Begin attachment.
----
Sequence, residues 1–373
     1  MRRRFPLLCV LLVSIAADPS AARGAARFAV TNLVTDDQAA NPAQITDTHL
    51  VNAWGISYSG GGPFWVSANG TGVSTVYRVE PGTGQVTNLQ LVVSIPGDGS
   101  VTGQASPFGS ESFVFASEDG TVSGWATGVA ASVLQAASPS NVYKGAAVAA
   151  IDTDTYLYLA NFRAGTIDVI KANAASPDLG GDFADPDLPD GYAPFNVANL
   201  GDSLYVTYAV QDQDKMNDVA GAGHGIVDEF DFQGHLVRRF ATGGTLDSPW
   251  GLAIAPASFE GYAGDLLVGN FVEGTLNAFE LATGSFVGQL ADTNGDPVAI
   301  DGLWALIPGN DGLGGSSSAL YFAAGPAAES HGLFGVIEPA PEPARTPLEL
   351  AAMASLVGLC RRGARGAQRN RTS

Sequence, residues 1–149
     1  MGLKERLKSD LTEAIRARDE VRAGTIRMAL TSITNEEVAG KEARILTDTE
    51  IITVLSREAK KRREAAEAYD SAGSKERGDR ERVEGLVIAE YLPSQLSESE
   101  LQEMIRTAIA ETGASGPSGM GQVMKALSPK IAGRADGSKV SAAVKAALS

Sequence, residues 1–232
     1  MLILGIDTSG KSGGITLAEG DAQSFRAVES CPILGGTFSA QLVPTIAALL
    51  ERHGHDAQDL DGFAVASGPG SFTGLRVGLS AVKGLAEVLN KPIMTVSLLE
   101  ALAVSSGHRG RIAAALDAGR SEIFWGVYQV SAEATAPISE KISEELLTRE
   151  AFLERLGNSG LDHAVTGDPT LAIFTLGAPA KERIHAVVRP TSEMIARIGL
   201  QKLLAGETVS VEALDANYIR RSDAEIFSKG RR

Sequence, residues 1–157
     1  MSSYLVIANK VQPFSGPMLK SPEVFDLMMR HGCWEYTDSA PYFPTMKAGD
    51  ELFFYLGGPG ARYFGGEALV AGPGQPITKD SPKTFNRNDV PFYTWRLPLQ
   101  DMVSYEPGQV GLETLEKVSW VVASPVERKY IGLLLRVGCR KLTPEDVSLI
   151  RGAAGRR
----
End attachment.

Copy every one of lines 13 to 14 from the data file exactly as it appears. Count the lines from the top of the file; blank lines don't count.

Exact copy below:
   101  LQEMIRTAIA ETGASGPSGM GQVMKALSPK IAGRADGSKV SAAVKAALS

Sequence, residues 1–232